This review contains spoilers.
I may have been the only person in the country who wasn’t completely in love with last week’s Misfits, but this episode takes a dramatic turn into an area that the show has history of doing extremely well. With lots of comedy mixed in with several dollops of tragedy and character development, we spend some more time with Finn, who has so far struggled to make a good impression on sceptical audiences. A couple of weeks ago we learnt that his father wasn’t actually his father, and he’s been searching for the real deal ever since.
He finds him fairly easily, after some awkward discoveries about his mother (charmingly nicknamed ‘anal Mary’ by her many conquests), but has to be quick about bonding due to his terminal cancer. There’s a sister, Grace, who has been caring for her dad in her own storm-powered way, and her and Finn’s relationship looks like one that could carry through into the rest of the series. We’re in need of a bigger female presence to support Jess, and Grace at least serves to humanise Finn in a way the show hasn’t achieved previously. I’m not sure if she’ll be sticking around, but certainly hope this isn’t just a one-off appearance.
Finn’s new dad implores him to get Grace out of the way so that he can finally die in peace (she has been keeping him alive with a pseudo-resurrection power), and so Finn takes her out to the only bar in town. On the way, they see Alex ‘from the bar’ engaging in some dodgy activity down an alleyway and Finn, fuelled in no small part by his own interest in Jess, decides that it must be a ‘gay’ thing. Setting out to sabotage their relationship before it even gets going, he fails miserably when Jess insists on going home with him half an hour into their date. Events suggest that he’s definitely not gay, but his strange alleyway encounter suggest something else is going on.
There’s an awkward scene in a toilet cubicle, and Jess officially goes to the loo more than any other character of television, ever. With the absence of Curtis, who does at least get a mention during a very insensitive grief counselling session, there are a lot of weird moments in the episode that bring to mind a reshuffling of tone and character dynamics. With this in mind, it was probably a smart move to push Rudy to the sidelines for the hour, using him sparingly as comic relief and a catalyst for Finn’s growing gumption. The closing scene when he finally stands up for himself felt more genuine to me than any of their scenes last week.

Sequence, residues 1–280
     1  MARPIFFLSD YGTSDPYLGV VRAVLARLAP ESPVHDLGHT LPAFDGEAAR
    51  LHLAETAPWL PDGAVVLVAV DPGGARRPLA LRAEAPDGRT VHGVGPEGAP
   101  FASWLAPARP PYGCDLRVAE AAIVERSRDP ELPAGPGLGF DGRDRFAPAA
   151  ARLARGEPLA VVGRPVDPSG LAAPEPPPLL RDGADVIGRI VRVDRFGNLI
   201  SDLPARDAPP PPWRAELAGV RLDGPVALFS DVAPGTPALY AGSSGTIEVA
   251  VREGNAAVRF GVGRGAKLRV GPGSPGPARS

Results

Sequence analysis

For most television shows, there are two ways to do a post-death episode. One is the funeral, with tears and depression given our full attention; the other is a more indirect episode about death. None of us expected the former in a show that has always treated fatalities with a unique mix of tragedy and comedy, and the episode does a good job of reminding us of the stakes in someone dying. Grace’s realisation that she was keeping her dad alive for purely selfish reasons addresses the euthanasia debate in a distinctively Misfits way, with the genre elements of the series being used to loosely comment on something outside of the show.
Will we ever see the full return of the character’s powers? We were begging them to go away last year, but there now seems to be something missing from a show that was once so inventive and creative with the way it handled its sci-fi and fantasy elements. Looking like a twisted horror movie with bunny-headed monsters and numbers written on foreheads, next week’s episode certainly looks like a return to madness for a show that has started to ignore the genre elements that made it stand out in the first place. We also get to know more about Alex, whose identity has so far been shrouded in mystery.
Read Caroline’s review of the previous episode, here.
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